Sceptic, Denier, Or Evangelistic Believer…It Doesn’t Matter

Monday, 6 July 2020
Melbourne, Australia
By Greg Canavan

On Friday, Woody published a great story and interview with James Allen on alternative energy. There is a ‘megatrend’ towards clean energy, James argued.

As Woody mentioned on a few occasions, the aim of the essay was to alert you to this growing — and potentially huge — investment opportunity. It wasn’t about discussing the questionable politics of it.

But it’s kind of the elephant in the room, isn’t it?

I mean, climate change is such an emotionally charged topic; you want to get to the truth of it before you start backing an investment trend that relies on that truth, right?

Well, yes and no.

The thing is, THE truth isn’t as important as the ‘truth’ that people believe in.

Truth, I used to think, was an absolute.

Now I know it is in the eye of the beholder.

Nowhere is that more the case than when it comes to climate change.

If you’re a sceptic, you’re accused of ‘denying the science’, rather than being considered an independent thinker.

What if you’re an independent thinker, who happens to be an environmental scientist?


Coincidentally, this week saw the release of Mike Shellenberger’s new book, Apocalypse Never: Why Environmental Alarmism Hurts Us All.

On Thursday, The Australian published a ‘letter’ from Mr Shellenberger, obviously as publicity for the new book. It worked a treat.

It began:

On behalf of environmentalists everywhere, I would like to formally apologise for the climate scare we created over the past 30 years. Climate change is happening. It’s just not the end of the world. It’s not even our most serious environmental problem.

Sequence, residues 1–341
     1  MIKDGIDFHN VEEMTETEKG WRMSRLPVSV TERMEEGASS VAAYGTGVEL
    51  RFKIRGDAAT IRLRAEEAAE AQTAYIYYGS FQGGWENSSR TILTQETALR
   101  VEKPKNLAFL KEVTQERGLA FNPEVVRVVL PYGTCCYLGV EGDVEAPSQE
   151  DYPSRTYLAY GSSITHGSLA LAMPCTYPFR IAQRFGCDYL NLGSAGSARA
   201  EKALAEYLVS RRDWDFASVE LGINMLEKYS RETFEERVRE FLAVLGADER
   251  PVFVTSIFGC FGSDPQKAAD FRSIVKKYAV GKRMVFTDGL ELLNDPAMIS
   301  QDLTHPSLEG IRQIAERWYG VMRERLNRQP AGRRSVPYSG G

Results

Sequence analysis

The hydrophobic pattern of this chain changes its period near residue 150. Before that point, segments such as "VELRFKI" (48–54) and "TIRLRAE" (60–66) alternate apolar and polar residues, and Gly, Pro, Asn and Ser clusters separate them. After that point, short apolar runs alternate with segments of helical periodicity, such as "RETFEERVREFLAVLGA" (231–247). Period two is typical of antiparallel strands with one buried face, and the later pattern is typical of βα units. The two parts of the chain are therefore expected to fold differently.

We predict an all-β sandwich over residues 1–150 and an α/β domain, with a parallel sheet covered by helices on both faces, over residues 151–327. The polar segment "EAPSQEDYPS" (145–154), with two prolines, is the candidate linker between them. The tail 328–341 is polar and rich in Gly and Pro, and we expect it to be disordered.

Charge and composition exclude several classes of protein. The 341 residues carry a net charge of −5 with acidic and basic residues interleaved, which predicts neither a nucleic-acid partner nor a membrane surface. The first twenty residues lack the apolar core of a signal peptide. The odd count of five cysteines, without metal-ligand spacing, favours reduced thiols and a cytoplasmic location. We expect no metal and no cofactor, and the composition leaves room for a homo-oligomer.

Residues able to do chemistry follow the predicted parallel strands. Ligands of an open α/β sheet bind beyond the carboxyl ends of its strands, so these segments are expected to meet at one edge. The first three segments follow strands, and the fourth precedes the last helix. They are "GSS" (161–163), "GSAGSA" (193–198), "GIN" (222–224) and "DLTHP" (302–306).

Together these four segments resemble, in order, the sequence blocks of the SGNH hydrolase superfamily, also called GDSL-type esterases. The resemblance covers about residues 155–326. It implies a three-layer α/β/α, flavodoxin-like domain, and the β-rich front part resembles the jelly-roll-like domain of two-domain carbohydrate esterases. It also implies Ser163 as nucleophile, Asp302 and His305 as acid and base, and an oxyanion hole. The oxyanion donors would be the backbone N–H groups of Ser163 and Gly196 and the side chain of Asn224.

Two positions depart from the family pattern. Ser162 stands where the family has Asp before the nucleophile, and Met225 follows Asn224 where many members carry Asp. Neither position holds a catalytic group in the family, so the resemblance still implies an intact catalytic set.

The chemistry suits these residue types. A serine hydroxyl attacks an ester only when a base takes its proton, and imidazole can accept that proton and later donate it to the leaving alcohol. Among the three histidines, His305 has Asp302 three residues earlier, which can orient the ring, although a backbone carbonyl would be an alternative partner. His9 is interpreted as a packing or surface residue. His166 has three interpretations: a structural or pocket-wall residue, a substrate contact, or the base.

I may seem like a strange person to be saying all of this. I have been a climate activist for 20 years and an environmentalist for 30.

But as an energy expert asked by the US congress to provide ­objective testimony, and invited by the Intergovernmental Panel on Climate Change to serve as a reviewer of its next assessment report, I feel an obligation to apologise for how badly we environmentalists have misled the public.

Apparently the ‘letter’ was originally published in Forbes, but after howls of protest from those whose narrative the letter didn’t promote, it was taken down.

This is why I’m a climate sceptic.

Why should a calm, rational letter, promoting a book written by a specialist in his field, be torn up (as it were) for daring to question the climate orthodoxy?

Doesn’t the science speak for itself?

Peter Ridd is another example. After a long academic career, Ridd was sacked as Professor of Physics at James Cook University in Townsville. His crime? Speaking out against the accepted wisdom that climate change was killing the Great Barrier Reef.

Ridd said:

There’s some absolute rubbish being spoken about the reef and people’s livelihoods are being put in jeopardy. If nobody will stand up, then this is just going to go on and on and on. It has to be stopped.